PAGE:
VanquishRider

275 posts

106 months

Monday 30th March
quotequote all
thelostboy said:
Piha said:
VanquishRider said:
Same as the Rich Company owners who are laying off their staff rather than paying them.

They reckon that Branson is worth £4.1 Billion and if he paid all Virgin staff £500 a week for 8 weeks would make him worth £4.064 billion. That's the equivalent of me being worth £20 and donating it costing me 17.6 pence to pay my staff for 8 weeks.

There will be a backlash for these billionaires.

I have no issue with capitalism. But there is a time when they should spend that money in a useful and beneficial way. That time is now...
Good post.
How is it a good post?

The guy's "worth" is also assets. What's he going to do, cut up chunks of Neckar island?

He owns A LOT of property. "They" also say he spends 80% of his time working for his charity, which uses money from which his companies generate revenue.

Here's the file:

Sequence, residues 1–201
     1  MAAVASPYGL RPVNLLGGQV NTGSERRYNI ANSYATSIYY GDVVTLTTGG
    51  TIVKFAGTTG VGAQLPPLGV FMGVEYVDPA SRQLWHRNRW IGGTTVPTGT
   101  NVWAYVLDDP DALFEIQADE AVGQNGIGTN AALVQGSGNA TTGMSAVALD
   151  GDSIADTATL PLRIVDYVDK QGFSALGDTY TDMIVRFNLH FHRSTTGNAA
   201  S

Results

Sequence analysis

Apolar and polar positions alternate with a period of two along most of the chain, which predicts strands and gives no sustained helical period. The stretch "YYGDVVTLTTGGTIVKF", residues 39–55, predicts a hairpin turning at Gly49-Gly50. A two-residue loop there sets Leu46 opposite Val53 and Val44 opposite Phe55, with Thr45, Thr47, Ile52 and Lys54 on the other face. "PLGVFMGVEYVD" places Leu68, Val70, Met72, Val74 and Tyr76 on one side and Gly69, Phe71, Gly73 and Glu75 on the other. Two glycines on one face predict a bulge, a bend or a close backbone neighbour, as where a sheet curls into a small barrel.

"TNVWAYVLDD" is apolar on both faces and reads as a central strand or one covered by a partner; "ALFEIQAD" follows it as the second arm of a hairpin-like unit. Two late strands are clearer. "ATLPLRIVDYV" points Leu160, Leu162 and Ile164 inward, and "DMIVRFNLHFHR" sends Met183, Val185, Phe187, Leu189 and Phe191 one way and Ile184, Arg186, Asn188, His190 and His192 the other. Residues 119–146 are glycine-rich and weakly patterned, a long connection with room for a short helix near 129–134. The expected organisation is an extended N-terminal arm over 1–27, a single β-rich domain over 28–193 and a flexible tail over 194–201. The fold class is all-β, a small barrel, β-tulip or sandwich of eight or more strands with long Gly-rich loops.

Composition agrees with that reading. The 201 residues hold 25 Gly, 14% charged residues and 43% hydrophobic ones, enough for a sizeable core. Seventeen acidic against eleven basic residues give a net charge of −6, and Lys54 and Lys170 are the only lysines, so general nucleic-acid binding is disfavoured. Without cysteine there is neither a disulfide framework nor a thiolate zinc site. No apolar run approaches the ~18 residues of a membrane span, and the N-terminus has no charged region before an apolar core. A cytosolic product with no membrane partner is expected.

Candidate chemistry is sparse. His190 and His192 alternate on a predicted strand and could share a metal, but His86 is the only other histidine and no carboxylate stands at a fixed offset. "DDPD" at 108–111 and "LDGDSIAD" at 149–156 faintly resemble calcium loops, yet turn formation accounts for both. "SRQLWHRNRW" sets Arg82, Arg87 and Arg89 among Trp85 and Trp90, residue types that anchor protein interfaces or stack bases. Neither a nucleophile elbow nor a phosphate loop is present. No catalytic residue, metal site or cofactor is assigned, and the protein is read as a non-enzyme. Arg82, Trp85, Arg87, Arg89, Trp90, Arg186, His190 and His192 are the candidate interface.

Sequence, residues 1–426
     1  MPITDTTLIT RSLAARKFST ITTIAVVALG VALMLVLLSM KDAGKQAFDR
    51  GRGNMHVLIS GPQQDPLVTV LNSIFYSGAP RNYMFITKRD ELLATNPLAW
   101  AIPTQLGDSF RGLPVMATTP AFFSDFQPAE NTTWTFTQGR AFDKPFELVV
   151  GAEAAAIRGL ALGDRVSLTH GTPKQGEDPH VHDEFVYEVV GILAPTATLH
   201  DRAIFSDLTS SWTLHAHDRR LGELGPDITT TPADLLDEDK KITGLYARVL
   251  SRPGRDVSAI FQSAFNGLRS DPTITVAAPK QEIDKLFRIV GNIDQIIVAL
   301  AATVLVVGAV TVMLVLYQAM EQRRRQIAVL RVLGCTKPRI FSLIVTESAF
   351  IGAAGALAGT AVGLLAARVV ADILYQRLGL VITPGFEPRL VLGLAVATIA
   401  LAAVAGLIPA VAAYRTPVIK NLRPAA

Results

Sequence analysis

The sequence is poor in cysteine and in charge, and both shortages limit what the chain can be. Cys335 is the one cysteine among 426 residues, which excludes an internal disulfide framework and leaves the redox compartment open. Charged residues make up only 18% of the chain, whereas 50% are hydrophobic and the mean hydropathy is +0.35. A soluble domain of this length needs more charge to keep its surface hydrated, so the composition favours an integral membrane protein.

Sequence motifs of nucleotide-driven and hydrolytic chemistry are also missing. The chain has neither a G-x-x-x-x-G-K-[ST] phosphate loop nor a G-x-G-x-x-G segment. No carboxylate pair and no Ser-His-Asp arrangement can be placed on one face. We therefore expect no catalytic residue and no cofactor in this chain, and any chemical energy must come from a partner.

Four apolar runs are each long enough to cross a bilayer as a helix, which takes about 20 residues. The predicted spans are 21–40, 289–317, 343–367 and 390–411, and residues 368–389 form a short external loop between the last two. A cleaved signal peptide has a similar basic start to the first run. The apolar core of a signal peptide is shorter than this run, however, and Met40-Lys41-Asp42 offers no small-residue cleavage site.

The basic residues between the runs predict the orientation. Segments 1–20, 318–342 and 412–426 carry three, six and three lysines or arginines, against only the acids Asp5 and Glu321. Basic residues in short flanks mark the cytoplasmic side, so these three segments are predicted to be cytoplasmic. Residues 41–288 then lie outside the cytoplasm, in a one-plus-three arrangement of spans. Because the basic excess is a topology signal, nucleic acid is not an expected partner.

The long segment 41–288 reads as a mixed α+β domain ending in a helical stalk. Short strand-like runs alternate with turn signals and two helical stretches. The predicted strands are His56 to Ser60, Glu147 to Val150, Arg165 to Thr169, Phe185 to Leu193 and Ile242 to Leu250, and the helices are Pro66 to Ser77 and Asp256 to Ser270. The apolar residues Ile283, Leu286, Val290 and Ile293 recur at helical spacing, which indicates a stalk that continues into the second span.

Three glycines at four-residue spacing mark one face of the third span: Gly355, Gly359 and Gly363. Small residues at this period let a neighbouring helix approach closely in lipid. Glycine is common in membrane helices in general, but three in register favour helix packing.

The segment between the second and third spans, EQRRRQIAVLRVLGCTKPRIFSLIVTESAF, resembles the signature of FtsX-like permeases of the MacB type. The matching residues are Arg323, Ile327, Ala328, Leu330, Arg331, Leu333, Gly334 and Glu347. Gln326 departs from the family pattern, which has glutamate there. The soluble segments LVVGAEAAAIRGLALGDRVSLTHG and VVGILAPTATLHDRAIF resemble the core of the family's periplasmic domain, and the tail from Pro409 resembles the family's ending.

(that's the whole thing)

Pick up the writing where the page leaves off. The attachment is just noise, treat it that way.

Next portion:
Have either of you given away as much as Richard Branson has?

Have you given jobs to 71,000+ people, not ballsy enough to start their own businesses?

You have absolutely no grasp of the details or, more importantly, the facts.
The point is more that they have cash, and they are not prepared to lose any of it. And yes he should sell his island before asking for a bailout.

If he has 4.5 Billion, he must have some cash?

But you miss the point, I don't see him risking anything at this point, or offering the 20% top up.

Sports stars are offering a million £/$ etc out of their banks. Not seeing this kind of support from the business multi millionaires. As Swisstoni says. People will be looking around very carefully at the end of this.

As I say, I have no issue at all with capitalism, but their comes a point when they should actually try doing something sensible with it. Bill Gates is a prime example of somebody who does do something sensible with it.

If there was ever a time to do something with it, surely now is it?

fatboy b

8,538 posts

170 months

Monday 30th March
quotequote all
Can you imagine the fright when you’re laid in bed in hospital and they bring the ventilator. On the side it says ‘Made with pride by Land Rover’.

nismo48

521 posts

161 months

Monday 30th March
quotequote all